Transportation Employers Beware: The Ontario Superior Court Reviews the Enforceability of a Termination Clause under the Canada Labour Code

As many of our readers are aware, the Canada Labour Code, R.S.C., 1985, c. L-2 (the “Code”) governs the operations of federally regulated companies, including certain transportation companies who, because of the interprovincial nature of their operations, fall under the federal jurisdiction. As such, federally regulated transportation companies often try to limit employees’ termination entitlements under the Code to avoid greater obligations that may be owing under the common law.

It is not often that an Ontario court reviews the enforceability of a termination provision under the Code. Despite this, in a recent decision, the Ontario Superior Court did so. This decision is particularly important for federally regulated transportation companies as it provides guiding principles on properly limiting an employee’s termination entitlements to the minimum entitlements under the Code.

The Facts

In Sager v. TFI International Inc.,[1] the Plaintiff was employed as the Vice-President of Sales and Customer Care of the Defendant, a federally regulated, international transportation and logistics company. His employment was subject to a written employment agreement that limited his termination without cause entitlements to the greater of (i) three months’ base salary or (ii) one months’ base salary per year of completed service to a maximum of 12 months. The employment agreement further specified that the “payment shall be inclusive of any and all requirements” that would be owing under the Code.[2]

On July 31, 2019, the Defendant terminated the Plaintiff’s employment, without cause. In accordance with the terms of the employment agreement, the company provided the Plaintiff with a lump sum payment of three months’ base salary.

Following his termination, the Plaintiff commenced an action before the Ontario Superior Court alleging that the termination clause was unenforceable. For context, the Plaintiff likely commenced his claim before the Ontario Superior Court given his managerial status. For those who are not aware, “managers” do not have access to relief under section 240 of the Code, which allows non-managers to bring their termination related claims to a federally appointed adjudicator instead of a Court.

The Decision

In its decision, the court reaffirmed the common law presumption that employees will be given reasonable notice upon termination without cause. The court went on to note that this presumption can be rebutted if the employment contract clearly specifies some other period of notice, so long as the agreement complies with the minimum entitlements of the applicable employment standards legislation.

The court clarified that the issue in this case was not the Plaintiff’s entitlement to severance and pay in lieu of notice under the Code. Given the Plaintiff’s length of service (i.e. less than three years), there was no scenario in which his pay in lieu of notice and severance under the Code exceeded the termination pay entitlements under his employment agreement. Instead, the issue in this case was whether the termination clause complied with par. 231(a) of the Code, as it failed to maintain all terms and conditions of the Plaintiff’s employment during the notice period.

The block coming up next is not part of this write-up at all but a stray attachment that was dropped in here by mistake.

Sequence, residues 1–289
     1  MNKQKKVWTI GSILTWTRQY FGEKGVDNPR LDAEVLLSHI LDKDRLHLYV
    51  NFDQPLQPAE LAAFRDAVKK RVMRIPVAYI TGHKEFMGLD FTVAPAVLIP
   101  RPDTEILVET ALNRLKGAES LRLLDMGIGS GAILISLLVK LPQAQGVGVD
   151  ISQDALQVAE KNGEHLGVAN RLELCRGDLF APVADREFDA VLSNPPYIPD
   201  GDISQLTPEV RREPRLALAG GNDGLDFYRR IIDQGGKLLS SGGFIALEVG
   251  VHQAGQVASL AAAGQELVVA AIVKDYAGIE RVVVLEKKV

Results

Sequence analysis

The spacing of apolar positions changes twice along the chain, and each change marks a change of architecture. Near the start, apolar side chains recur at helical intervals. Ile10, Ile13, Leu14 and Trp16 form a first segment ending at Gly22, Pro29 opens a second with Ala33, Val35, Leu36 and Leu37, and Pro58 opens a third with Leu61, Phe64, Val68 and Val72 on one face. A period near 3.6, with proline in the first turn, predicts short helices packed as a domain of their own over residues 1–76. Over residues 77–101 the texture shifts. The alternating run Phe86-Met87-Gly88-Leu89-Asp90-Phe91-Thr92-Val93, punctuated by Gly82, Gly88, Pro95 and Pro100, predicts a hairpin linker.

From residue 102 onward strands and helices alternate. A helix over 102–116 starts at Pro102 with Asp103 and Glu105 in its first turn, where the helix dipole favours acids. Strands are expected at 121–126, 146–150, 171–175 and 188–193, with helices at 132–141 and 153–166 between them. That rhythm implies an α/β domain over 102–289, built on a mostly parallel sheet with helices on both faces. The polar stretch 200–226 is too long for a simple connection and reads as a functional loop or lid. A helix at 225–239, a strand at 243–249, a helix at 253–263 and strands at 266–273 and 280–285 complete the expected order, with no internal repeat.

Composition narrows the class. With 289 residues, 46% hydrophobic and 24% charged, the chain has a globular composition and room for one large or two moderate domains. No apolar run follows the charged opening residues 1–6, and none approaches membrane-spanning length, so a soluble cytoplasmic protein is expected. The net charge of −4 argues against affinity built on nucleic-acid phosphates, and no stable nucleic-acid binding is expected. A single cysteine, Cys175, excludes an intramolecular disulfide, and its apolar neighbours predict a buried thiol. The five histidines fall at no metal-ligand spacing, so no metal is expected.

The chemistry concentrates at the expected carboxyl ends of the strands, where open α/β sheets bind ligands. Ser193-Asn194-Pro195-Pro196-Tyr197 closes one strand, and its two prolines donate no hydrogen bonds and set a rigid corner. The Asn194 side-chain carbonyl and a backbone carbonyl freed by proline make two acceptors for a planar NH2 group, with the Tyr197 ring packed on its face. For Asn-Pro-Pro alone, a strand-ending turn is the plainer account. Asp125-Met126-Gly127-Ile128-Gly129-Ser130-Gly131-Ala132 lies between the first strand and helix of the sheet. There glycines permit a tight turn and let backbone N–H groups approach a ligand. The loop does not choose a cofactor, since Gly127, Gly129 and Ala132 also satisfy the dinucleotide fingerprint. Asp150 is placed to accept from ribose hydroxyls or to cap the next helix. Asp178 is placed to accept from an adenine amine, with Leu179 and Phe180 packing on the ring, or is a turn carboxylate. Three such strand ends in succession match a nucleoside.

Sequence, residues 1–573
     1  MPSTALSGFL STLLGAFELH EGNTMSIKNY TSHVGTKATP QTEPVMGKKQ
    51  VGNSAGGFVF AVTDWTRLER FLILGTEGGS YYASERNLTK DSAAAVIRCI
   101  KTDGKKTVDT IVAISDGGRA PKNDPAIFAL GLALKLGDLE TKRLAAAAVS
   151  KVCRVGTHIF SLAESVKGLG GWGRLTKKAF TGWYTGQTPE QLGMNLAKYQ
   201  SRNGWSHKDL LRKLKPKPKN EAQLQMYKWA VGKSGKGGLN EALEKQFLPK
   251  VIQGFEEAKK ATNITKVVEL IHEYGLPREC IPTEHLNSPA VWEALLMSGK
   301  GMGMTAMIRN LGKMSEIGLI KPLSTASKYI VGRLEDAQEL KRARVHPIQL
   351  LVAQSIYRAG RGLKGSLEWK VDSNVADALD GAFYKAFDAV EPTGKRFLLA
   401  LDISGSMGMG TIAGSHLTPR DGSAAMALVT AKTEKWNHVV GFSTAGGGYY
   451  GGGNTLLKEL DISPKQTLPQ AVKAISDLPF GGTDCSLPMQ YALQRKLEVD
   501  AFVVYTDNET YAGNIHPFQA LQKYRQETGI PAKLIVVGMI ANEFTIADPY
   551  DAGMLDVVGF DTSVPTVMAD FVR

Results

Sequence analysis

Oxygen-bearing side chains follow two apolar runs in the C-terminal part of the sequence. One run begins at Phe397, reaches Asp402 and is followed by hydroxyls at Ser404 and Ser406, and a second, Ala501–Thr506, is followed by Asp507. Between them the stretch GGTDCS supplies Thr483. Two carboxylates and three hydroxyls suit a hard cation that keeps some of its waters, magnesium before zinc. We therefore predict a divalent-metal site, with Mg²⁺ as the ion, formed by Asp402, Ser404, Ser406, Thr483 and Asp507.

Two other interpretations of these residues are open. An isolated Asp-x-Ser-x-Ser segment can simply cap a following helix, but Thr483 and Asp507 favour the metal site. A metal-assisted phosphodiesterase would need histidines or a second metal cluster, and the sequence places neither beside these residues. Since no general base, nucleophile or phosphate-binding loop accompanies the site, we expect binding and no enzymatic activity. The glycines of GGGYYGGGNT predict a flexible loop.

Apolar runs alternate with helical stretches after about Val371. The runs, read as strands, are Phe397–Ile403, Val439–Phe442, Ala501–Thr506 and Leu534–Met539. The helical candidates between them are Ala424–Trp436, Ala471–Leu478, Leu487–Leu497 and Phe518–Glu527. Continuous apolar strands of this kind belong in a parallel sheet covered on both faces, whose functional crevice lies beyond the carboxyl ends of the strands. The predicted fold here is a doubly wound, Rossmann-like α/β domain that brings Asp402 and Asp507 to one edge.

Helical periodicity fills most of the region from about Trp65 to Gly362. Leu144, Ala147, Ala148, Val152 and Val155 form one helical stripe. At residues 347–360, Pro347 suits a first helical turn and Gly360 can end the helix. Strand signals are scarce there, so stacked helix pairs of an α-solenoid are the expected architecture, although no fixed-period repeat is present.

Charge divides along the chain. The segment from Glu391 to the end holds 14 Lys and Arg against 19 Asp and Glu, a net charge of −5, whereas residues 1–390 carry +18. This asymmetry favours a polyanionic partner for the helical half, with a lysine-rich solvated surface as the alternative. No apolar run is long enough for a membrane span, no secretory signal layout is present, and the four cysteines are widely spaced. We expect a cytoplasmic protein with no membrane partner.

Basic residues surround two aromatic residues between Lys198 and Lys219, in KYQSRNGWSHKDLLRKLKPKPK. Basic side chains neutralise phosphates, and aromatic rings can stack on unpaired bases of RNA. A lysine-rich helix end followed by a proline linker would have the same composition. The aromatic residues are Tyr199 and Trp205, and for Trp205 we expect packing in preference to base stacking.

Ultimately, the court held that the termination provision was unenforceable because it limited the Defendant’s obligation to a single lump sum payment of only the Plaintiff’s base salary. This amounted to a change in the terms of the Plaintiff’s employment during the notice period, which was inconsistent with par. 231(a) of the Code.

Notably, the court referenced that the termination clause did not specify that the lump sum payment was intended to be inclusive of only the statutory requirements for severance and pay in lieu of notice. Instead, the lump sum payment was to be inclusive of all requirements under the Code. The provision excluded any payment on termination for the Plaintiff’s pension, car allowance or bonus – all of which were terms and conditions of the Plaintiff’s employment immediately before his termination.

Given the unenforceability of the termination provision, the court ultimately determined that nine months was the appropriate notice period. Further, the “damages” that the Plaintiff would have received during the nine-month common law notice period included his base salary plus the benefits, car allowance, bonus and RRSP contributions he would have earned during that period.

Key Takeaways

As noted above, this decision is particularly important for federally regulated transportation companies as it provides guiding principles on limiting an employee’s termination entitlements.  Specifically, employers must ensure that:

  1. Employment agreements are drafted in clear and unambiguous language;
  2. Termination provisions do not contract out of the Code’s minimum entitlements;
  3. Termination provisions maintain all terms and conditions of the employee’s employment during the statutory notice period; and
  4. Lump sum payments reflect the employee’s full wages (i.e. are not determined by the employee’s base salary alone, without reference to any other entitlements).

Our Transportation and Logistics Group regularly advises employers in respect of the enforceability of their employment agreements. Should you have any questions regarding the impact of this decision on your business, or wish to have your employment agreements reviewed, please reach out to Tim Lawson or Ben Aberant.

[1] 2020 ONSC 6608.

[2] Id, at para 2.

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